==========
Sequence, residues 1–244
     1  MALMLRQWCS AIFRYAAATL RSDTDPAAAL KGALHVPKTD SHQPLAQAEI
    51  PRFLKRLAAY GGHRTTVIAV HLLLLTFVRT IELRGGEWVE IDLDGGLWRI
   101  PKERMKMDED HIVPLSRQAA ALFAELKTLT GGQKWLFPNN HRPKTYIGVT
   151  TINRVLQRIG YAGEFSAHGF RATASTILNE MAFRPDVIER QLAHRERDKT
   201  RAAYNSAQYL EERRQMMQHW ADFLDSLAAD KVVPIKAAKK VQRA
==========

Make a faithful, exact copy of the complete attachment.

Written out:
Sequence, residues 1–244
     1  MALMLRQWCS AIFRYAAATL RSDTDPAAAL KGALHVPKTD SHQPLAQAEI
    51  PRFLKRLAAY GGHRTTVIAV HLLLLTFVRT IELRGGEWVE IDLDGGLWRI
   101  PKERMKMDED HIVPLSRQAA ALFAELKTLT GGQKWLFPNN HRPKTYIGVT
   151  TINRVLQRIG YAGEFSAHGF RATASTILNE MAFRPDVIER QLAHRERDKT
   201  RAAYNSAQYL EERRQMMQHW ADFLDSLAAD KVVPIKAAKK VQRA